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Sample sketch: Rosie's walk (first grade)

In contrast to the Arrays sample, notice how much room the children take up in this discussion. [While we present this transcript from an actual class in the format of the Discussion Sketch, it is more complete than you will need for your work.]

Discussion sketch, Side 2*

Time

Teacher's question or statement

Student's statement or question

Teacher's response

[This small group discussion takes place in a space sectioned off from the classroom by a rug and hanging screen, while the other children are completing tasks in additional centers in the classroom. The teacher is a member of this small group.]

Who has something to say about Rosie’s Walk?

Carlos: I like when he gets stinged.  He running. All those bees get out. And I like another one.  The part in the haystack. It’s funny. You could get a lot of hay on you.

Israel: I like the part when the fox he keeps on trying to get the hen but he doesn’t.

I wonder why he never got the hen.

Israel: Because she, she comes over and the fox can’t.

Carlos: The fox trips.

So the hen can do things the fox can’t do and the fox keeps tripping himself.

Meredith: Um, well, um, I kind of like it when he falls in the hay. The cow made a funny face.

Shamir: I like when, um, when I think the flour got fell on him.

Takiya: When he kept tripping and stuff and she, she got away in time for dinner and he never could catch her because she was tiny and she could go over things.

I liked it that the hen kept getting away, too.

Takiya: Cause she, um, um, because she, [he] didn’t need to be eating animals.

Benjamin: I like the part where she just runs through the beehives.

Paul?

Paul: I like the part when the fox got hit by the rake.

Jimmy?

Jimmy: I like that he didn’t get the um, hen.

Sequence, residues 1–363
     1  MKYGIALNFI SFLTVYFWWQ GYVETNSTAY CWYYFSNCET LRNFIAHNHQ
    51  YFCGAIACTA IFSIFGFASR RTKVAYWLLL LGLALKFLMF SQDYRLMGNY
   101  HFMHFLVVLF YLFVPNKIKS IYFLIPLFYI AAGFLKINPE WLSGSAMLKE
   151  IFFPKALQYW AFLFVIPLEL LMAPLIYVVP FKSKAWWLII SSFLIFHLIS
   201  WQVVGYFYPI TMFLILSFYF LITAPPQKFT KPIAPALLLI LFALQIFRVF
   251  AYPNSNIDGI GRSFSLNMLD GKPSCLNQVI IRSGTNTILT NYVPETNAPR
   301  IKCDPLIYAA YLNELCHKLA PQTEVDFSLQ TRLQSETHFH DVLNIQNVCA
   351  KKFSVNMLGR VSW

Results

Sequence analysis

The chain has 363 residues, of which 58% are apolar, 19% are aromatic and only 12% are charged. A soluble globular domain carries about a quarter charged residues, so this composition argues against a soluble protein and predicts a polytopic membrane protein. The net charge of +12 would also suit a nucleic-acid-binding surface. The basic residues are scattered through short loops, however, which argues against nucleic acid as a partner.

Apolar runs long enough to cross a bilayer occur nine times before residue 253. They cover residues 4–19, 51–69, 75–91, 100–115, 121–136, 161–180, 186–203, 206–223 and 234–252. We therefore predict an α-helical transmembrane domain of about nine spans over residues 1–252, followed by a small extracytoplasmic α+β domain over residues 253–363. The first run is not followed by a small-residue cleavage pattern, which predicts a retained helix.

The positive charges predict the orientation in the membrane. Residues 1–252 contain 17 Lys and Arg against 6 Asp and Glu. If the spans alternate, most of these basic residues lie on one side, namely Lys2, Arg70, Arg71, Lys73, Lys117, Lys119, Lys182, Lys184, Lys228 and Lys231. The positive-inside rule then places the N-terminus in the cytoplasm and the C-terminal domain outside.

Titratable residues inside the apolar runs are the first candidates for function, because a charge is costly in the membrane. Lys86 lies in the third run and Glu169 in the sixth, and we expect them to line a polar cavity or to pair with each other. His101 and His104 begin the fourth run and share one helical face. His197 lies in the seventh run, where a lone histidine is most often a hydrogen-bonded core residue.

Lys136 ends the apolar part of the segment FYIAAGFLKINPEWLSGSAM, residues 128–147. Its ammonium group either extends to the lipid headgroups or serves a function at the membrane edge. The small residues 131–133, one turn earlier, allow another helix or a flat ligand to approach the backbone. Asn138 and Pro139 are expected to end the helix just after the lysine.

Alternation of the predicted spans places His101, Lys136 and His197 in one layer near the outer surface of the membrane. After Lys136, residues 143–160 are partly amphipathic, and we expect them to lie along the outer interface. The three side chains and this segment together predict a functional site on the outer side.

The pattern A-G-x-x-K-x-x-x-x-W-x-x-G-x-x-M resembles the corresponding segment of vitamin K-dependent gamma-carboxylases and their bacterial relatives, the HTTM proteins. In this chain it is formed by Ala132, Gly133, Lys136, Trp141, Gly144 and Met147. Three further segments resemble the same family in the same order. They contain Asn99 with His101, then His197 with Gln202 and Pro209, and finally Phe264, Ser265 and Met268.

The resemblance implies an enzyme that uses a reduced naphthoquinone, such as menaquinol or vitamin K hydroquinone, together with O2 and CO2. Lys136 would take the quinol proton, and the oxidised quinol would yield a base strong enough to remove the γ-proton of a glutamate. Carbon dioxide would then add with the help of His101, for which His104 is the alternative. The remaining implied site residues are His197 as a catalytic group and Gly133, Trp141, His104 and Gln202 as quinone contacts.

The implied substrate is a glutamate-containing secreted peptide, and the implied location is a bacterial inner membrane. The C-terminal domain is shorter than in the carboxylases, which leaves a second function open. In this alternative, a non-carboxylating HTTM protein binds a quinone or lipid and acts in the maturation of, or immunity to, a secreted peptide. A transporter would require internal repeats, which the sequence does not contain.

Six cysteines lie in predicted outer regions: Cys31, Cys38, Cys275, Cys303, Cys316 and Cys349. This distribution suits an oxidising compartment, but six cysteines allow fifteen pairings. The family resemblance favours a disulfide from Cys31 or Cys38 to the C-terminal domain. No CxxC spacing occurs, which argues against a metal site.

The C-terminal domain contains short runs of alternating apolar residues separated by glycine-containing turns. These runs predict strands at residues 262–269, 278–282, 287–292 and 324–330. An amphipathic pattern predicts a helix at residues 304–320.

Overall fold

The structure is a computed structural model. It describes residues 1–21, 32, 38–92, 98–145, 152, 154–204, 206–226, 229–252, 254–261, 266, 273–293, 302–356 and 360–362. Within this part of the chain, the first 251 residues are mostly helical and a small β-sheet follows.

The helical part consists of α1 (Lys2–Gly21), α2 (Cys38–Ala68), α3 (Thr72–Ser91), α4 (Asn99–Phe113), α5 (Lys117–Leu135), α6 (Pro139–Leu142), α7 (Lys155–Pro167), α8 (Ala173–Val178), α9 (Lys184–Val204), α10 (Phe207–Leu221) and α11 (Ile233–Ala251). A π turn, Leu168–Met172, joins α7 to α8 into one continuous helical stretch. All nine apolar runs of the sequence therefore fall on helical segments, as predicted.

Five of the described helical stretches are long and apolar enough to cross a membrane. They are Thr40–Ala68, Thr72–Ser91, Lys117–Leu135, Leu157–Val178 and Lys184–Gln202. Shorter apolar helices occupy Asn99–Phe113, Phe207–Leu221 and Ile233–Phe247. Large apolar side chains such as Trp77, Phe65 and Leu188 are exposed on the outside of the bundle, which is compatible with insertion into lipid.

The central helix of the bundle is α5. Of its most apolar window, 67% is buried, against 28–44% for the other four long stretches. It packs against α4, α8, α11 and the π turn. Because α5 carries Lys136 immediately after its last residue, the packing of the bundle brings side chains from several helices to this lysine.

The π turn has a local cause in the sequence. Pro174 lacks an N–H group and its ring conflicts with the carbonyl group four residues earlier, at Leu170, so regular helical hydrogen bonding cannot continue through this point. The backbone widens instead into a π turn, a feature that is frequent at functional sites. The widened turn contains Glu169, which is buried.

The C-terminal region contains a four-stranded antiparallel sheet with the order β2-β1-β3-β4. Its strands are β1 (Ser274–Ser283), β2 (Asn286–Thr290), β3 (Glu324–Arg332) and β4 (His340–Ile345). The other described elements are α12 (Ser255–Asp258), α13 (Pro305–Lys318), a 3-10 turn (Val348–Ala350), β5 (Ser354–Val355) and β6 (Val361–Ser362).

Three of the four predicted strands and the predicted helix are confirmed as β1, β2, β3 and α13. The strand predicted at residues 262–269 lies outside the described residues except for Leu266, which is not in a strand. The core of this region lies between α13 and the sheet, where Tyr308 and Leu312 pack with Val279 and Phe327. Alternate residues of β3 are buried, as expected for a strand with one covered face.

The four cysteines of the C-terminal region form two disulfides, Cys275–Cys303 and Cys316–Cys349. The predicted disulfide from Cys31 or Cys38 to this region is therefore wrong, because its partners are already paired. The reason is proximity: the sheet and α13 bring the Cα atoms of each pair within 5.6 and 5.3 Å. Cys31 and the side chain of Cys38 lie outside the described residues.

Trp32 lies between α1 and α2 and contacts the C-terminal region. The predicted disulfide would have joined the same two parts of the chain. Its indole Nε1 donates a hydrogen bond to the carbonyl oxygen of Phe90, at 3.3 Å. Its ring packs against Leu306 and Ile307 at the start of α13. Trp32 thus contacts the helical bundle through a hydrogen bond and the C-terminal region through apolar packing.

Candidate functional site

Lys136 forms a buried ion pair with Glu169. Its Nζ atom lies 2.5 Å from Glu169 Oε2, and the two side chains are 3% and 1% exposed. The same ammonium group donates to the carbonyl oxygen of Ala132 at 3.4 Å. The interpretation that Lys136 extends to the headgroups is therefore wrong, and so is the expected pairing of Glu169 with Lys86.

Do you think that Rosie knew the fox was behind her?

Several children: No, no.

Richard: What do you think?

Richard: I think she didn’t know.

Why?

Richard: Because she didn’t turn around.

How about you, Benjamin?

Benjamin: She never looked around her.

She just looked straight ahead.

Jimmy: Because she would have heard, have heard him. It was like too fast for her.

Good idea. Takiya?

Takiya: I think she didn’t, I think she didn’t because she never looked around her and, um, and she, um, I think she didn’t know because she never turned around and looked at her, but he at least didn’t get her even though she didn’t know that he was behind her. She got home just in time.

Richard: Like her eyes are always this way (pointing).

Shamir: I think she knew.

Why do you think she knew?

Shamir: Because, because if she didn’t know she wouldn’t have looked all around her, looking for stuff. I think she knew when she was getting ready to take a walk.

Oh.

Carlos: Maybe she had a spy. Maybe that little wool on top (gestures to top of his head).

That’s an idea.

Israel: I like it when he gets sick because he’s a fox. I think I know why the hen, the hen thinks the fox is not in back of her.

Why?

Israel: Because the fox tries to catch the hen and she takes different places on her walk.

So you think she does that on purpose?

Israel: Yeah.

Benjamin, you have something to say?

Benjamin: He might look behind her real quick.  And she did all those things by accident, I mean on purpose.

Tiffany, go ahead.

Tiffany: She could have, could have heard the bees when they stinged the fox.

*Quoted from: McGee, L.M. (1996). Response-centered talk: Windows on children’s thinking. In L.B. Gambrell, & J.F. Almasi (Eds.). Lively Discussions! Fostering Engaged Reading (pp. 194-198). Newark, DE: International Reading Association.

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